“This is an incredible honor,” Rice Provost Amy Dittmar said. “This recognition underscores Rice’s deep-rooted commitment to social responsibility and civic engagement. Dr. Pinn’s leadership and the collective efforts of our dedicated colleagues serve as an example to us all, reinforcing our university’s mission to make a positive impact on our community.”

The President’s Council on Service and Civic Participation (PCSCP) established the award to acknowledge the vital contributions of volunteers to America’s strength and identity. It honors individuals whose service benefits communities nationwide, motivating others to take action. Administered by AmeriCorps and Points of Light, the PCSA persists across administrations, recognizing outstanding volunteers who give hundreds of hours each year to address national challenges.

“None of us really anticipated this kind of recognition for the work,” Pinn said. “We do it because this is what we should be doing.”

CERCL KRS One event
Those in attendance for the KRS-One interview got to watch Pinn, Maya Reine and Aundrea Matthews receive prestigious volunteer awards. 

While the presentation happened at the Hip Hop Archives event, the certificate represents the community outreach, research innovation, integrated learning and residency programs led and facilitated by Pinn, Reine and Matthews. Those include CERCL’s high school essay contest, which strengthens Rice’s connection with economically disadvantaged high school students from the Houston Independent School District who are underrepresented in its undergraduate population. Through an essay contest, students are prompted to brainstorm innovative solutions to local community issues. Winners receive scholarships and a Princeton Review SAT Preparation course held at Rice. Additionally, all participants are invited to a workshop at Rice where they receive guidance from admissions and financial aid counselors.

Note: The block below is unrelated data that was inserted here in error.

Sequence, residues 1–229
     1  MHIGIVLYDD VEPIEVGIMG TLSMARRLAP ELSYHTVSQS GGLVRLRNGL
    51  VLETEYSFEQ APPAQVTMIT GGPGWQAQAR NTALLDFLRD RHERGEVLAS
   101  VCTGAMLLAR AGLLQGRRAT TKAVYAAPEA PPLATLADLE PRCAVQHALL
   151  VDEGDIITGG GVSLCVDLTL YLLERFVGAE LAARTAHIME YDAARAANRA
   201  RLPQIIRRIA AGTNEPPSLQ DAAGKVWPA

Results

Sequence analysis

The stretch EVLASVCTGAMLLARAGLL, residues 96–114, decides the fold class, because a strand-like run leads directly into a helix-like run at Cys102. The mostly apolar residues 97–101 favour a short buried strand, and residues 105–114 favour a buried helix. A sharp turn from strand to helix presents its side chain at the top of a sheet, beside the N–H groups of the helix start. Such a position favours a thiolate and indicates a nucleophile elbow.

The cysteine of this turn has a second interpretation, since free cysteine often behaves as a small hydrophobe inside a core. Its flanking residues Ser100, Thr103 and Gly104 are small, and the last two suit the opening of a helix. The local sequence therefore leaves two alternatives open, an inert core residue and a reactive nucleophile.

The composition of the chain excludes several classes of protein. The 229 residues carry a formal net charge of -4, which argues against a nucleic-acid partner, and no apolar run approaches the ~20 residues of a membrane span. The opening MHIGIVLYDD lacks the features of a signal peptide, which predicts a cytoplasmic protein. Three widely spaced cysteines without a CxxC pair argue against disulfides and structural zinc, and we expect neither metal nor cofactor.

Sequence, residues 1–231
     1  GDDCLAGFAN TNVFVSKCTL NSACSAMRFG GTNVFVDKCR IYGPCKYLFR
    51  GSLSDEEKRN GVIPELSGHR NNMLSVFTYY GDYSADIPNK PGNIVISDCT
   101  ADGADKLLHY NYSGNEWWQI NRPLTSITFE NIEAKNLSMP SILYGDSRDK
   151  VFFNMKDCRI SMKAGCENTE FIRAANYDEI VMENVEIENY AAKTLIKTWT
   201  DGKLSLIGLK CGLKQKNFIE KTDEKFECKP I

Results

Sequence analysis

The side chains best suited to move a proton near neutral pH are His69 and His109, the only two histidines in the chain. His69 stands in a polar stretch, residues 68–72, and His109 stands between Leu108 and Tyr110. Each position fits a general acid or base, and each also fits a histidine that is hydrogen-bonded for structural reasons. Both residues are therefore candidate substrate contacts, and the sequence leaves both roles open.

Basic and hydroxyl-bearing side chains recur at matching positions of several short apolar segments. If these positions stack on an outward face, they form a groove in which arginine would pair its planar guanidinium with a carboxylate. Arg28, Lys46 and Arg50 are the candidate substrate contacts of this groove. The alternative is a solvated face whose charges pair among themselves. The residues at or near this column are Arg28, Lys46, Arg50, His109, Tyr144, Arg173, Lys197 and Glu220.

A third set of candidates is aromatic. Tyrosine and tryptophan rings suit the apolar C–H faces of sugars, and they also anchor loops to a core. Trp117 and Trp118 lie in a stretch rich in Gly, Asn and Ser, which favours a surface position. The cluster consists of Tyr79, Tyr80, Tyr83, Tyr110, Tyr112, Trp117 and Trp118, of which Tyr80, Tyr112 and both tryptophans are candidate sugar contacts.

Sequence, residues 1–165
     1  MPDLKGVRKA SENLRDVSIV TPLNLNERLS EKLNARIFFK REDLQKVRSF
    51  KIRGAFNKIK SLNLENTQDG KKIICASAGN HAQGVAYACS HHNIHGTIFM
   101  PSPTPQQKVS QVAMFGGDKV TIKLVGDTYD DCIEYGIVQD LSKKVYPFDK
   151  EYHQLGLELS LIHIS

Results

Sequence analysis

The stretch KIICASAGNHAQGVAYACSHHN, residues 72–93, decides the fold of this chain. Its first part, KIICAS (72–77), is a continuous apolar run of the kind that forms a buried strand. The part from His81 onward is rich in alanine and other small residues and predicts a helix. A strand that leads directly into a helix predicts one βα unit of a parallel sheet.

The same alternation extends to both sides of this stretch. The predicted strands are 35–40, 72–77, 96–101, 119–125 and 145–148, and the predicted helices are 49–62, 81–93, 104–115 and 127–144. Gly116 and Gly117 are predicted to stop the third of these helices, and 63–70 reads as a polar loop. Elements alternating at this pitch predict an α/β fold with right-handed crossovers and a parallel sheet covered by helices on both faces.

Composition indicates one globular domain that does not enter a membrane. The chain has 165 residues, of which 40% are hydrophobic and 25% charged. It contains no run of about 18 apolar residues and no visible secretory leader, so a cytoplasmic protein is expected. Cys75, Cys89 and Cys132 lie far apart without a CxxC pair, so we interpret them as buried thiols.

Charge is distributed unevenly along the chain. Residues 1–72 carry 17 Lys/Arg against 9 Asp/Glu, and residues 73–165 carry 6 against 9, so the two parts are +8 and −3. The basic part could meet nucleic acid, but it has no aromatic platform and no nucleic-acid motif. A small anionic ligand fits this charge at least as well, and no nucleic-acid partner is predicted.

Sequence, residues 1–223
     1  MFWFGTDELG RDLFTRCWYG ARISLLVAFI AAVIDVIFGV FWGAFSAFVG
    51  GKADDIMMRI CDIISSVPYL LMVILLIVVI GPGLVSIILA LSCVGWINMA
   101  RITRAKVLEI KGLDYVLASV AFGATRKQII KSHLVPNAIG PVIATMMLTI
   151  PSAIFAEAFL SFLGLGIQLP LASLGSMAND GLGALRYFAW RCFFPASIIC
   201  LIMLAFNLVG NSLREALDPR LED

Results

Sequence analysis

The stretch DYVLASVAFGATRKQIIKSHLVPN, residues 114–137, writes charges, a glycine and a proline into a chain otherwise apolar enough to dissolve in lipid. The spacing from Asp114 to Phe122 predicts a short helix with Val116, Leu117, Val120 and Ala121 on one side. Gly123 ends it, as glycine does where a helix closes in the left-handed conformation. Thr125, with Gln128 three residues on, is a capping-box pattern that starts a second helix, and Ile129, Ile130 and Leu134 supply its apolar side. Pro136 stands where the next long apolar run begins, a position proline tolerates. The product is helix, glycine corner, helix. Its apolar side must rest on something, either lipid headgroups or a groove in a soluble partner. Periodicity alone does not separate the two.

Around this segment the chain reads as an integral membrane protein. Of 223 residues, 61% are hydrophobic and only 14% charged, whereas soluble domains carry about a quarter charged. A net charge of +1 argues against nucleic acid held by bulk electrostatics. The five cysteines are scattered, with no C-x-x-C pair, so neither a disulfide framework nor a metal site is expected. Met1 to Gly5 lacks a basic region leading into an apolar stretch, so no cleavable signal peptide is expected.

“Students who participate in this essay contest and then apply to Rice have an acceptance rate of roughly 15%, which is way better than the national average,” Pinn said.

CERCL also offers an artist-in-residence program, which brings in notable contributors to the arts such as Harrison Guy, Lanecia Rouse Tinsley, Deborah D.E.E.P. Mouton and Gabriel Martinez to Houston. The program aims to deepen this engagement, emphasizing how art serves as a tool for critical thinking, effective communication and community engagement. Each year-long residency involves the creation of original projects aligned with CERCL’s mission and goals.

“We just think that there are ways in which Rice and the larger Houston community ought to partner,” Pinn said. “There’s so much we learn from Houston, and we ought to take advantage of that. As a thank you, we want to make our resources available to the city.”

That mentality, along with thousands of volunteer hours to make the programs happen, is what ultimately earned Pinn and his CERCL colleagues the most prestigious of the awards offered by the PCSCP.

“They have demonstrated exceptional leadership and dedication in their efforts to bridge academia with community outreach, enriching the lives of countless individuals in the process,” said Kathleen Canning, Rice’s dean of humanities. “Their visionary initiatives have not only preserved cultural heritage but have also empowered marginalized communities and fostered meaningful connections between Rice and the broader Houston area.”

“We do the work because, from our vantage point, this is our obligation,” Pinn said. “Rice has responsibilities that include what takes place within the hedges, but we have an obligation to the larger Houston community. So we do the work because this is what we should be doing.”

Learn more about the work CERCL is doing here.